I remember a conversation on a long winter evening during
In that year (1721) Don Jose de Antequera was appointed to succeed the Governor of Paraguay, Don Diego de los Reyes Balmaceda, when his term of office had expired. The situation was, as often happened in the Spanish colonies, complicated by an inquiry into the conduct of the Governor (Balmaceda), in progress at the High Court of Charcas, which court, as in the case of Cardenas, acted most cautiously, both on account of its position, so far from Paraguay, and on account of the inordinate procrastination of everything connected with the Spanish law. If Balmaceda were condemned, then Antequera would step into his shoes at once. If, on the other hand, he were acquitted, Antequera would have to wait until the legal time of office had run its course. So far all was in order, but the High Court, either in doubt of its own wisdom or of its power to pronounce judgment definitely, had issued a decree suspending Balmaceda from his functions, but without either condemning or acquitting him. This, too, they did after having taken more than three years to sift the evidence and summon witnesses, who either had to cross the country on a mule at the imminent risk of death by famine or by Indians, or, having descended the river Plate to Buenos Ayres (which journey often took a month), wait for a ship to take them round Cape Horn to Lima, and from thence travel to Charcas on muleback, following one of the Incas' roads.
Don Jose de Antequera y Castro was born at Lima, and being, as Father Charlevoix* says, an able, eloquent, but vain and most ambitious man, endowed with plenty of imagination, some talent, and but little ballast, was not content to wait till time should place him in his governorship. So, hearing that a judge inquisitor was to be sent to Paraguay to inquire into the case, and having graduated himself and held the position of procurator fiscal in the Charcas, he solicited the post, and by some error was appointed.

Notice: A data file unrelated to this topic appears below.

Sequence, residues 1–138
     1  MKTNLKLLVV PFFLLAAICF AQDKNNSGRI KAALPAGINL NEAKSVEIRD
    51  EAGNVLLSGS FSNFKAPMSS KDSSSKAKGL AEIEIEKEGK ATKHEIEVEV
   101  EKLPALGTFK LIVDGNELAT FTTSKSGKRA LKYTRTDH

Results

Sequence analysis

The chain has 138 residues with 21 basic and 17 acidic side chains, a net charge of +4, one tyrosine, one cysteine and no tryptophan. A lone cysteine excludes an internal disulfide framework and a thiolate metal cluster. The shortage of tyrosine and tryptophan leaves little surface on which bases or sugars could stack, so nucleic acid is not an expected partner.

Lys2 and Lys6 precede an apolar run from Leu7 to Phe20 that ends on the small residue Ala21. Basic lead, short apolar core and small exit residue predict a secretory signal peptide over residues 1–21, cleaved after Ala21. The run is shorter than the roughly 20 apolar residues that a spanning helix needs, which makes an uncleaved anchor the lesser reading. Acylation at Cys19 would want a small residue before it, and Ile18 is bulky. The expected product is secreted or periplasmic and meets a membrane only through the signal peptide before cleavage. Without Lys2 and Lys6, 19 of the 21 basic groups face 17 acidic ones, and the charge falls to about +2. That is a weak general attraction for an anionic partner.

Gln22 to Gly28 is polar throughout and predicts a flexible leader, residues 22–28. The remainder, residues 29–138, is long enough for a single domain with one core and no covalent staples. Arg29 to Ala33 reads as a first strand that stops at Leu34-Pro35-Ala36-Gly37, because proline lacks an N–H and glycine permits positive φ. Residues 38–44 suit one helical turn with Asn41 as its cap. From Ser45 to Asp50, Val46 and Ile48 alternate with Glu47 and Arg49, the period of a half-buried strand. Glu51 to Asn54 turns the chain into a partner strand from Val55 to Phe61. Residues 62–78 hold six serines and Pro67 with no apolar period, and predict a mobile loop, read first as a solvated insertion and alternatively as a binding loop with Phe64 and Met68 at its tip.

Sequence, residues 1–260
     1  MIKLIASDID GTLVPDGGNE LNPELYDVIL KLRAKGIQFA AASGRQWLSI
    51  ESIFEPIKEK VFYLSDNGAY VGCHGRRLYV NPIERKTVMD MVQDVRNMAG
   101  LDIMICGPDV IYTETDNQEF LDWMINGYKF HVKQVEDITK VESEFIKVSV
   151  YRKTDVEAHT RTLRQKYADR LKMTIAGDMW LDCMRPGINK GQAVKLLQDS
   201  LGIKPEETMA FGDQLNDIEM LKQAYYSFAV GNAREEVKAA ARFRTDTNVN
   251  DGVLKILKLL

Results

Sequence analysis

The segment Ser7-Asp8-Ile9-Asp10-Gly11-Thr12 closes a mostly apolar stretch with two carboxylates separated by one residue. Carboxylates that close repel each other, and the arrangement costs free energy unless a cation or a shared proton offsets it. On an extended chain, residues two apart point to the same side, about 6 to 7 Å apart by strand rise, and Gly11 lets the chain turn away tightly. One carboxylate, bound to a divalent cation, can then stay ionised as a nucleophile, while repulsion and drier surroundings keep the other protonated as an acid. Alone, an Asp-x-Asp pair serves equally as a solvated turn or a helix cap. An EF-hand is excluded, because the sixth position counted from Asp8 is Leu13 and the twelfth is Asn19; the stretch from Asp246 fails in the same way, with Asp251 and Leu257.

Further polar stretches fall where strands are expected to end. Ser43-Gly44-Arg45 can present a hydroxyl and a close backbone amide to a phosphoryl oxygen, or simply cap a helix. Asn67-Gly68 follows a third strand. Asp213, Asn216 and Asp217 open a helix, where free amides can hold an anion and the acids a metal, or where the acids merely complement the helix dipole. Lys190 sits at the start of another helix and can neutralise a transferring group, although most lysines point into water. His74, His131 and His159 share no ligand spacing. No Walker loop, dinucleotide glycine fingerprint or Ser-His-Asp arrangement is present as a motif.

-- * Charlevoix, vol. ii., livre xvii. --
No sooner was the appointment signed than straight he posted off to Paraguay. As he had studied in the college of the Jesuits at La Plata, his first visit was to the reductions of the Jesuits. The missionaries received him well, and sent a troop of Indians to escort him to the boundary of their territories, never suspecting what Antequera was about to do. Having heard that the Governor, Balmaceda, was at a distant port upon the Parana, Antequera hastened to Asuncion. Arrived there, the same madness of authority seems to have come on him which came fifty or sixty years before his time on Cardenas. Finding no special seat reserved for him in the Cathedral, he publicly reproved the dean, to the great scandal of the worshippers. This seems not to have lost him the respect of the citizens of Asuncion, who were accustomed to all kinds of vagaries, both of their rulers and their spiritual guides. No sort of violence to laws and customs seems ever to affect a people unless the violence is done to benefit them, when instantly they rise against the breaker of the law, however heavily it may bear upon themselves.